Let me take you back just a few years to 2014.
It wasn’t a particularly happy year, unless you became a proud new citizen of the Donetsk People’s Republic maybe, one of the most recent nations to emerge (half-recognised) from the fallout of the end of the Soviet union.
While the Donetskians were discussing passport colors, and whether they had enough steroids for an Olympic challenge, Victor Argonov a few miles up the road, was ensuring a very happy future for all of us, using the principle of hedodynamics.
Hedodynamics, if you’re not familiar, is a scientific discipline that uses neuroscience to discover ‘postulates of pleasure’, or neural changes, that correlate to that euphoric feeling, the one you probably had before you started reading this piece.
The essence of Argonov’s work is to enable future humans to use hedodynamics to program themselves to do the things that make them happy, and avoid, if possible, the things that have the opposite effect.
We can then add postulates as needed to get us to Nirvana.
Of course, this still doesn't actually answer the question of exactly how happy we are. The problem has always been how to measure that, and it has occupied the minds of philosophers and scientists for centuries.
In the late eighteenth century, Jeremy Bentham, whose slowly decaying corpse sits happily upright in the foyer of University College London, proposed an almost balanced scale of 'pains and pleasures', by which means he hoped to test the “happiness factor”.
In his day, happiness for most people probably involved such exotic joys as eating now and again, dying of old age, not being press-ganged into the Navy, and avoiding dyssentry from watered-down ale.
Since Bentham, other scales have been created to try to measure our euphoria.
There is the Subjective Happiness Scale, with which you can determine how happy you are, as long as you're happiness corresponds nicely to one of four options on the scale.
You can try the Positive & Negative Affect Schedule, whose very name makes me unhappy, even if answering twenty questions on a five-point scale doesn't.
Why stop at five-points; there's the seven-point scale of the Satisfaction With Life survey, or, if you're feeling particularly nuanced in your happiness today, use the Cantril Ladder Method, which makes you choose how damn happy you are using an astonishing ten options per question.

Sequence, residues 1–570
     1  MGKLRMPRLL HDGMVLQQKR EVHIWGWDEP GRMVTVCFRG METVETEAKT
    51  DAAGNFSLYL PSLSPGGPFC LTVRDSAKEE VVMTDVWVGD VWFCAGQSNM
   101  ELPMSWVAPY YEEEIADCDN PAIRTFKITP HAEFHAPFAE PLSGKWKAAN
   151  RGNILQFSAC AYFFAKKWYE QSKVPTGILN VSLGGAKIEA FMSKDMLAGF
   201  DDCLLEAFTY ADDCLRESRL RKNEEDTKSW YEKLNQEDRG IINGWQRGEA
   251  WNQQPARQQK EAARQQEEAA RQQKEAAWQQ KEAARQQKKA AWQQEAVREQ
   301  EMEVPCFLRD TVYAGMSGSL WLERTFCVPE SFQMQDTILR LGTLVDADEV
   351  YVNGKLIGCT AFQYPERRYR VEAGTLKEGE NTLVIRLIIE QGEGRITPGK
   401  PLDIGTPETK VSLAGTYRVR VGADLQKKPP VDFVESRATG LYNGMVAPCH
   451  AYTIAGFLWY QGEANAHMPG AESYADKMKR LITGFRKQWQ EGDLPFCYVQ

The challenge with all these, of course, is that we are self-reporting something we're rarely able to describe even to someone in our social circle, like my friend Gus, who inspired this article with ouzo, let alone an automated survey. And, we're never really completely happy (or completely sad), so we have to make a judgment call that can change instantly.
In open defiance of the Buddhist concept of equanimity, where you accept there will be ups and downs and stay fairly level throughout, we’re like emotional yoyos on the end of a very social media-driven bungee rope.
While our emotions fluctuates with the number of likes our chicken cacciatore recieves on Facebook, our happiness levels also reflect very personal situations, differing environments, and wonderfully varied cultures, and measurement on standardized scales doesn't seem a good fit.
Since 2012, a World Happiness Report has been published, listing countries with higher and lower levels of this ethereal emotion. How you answer the question “How happy are you with your life as a whole?” may rely far more on the last time you checked your Twitter account than on the overall feeling that you’re in a good place.
Hedodynamics certainly seems a better way to get closer to what makes us happy, and may even help us to develop futures when we can indeed have more input to our own eternal happiness.
Unless of course the hedodynamic answer is more likes on Instagram.
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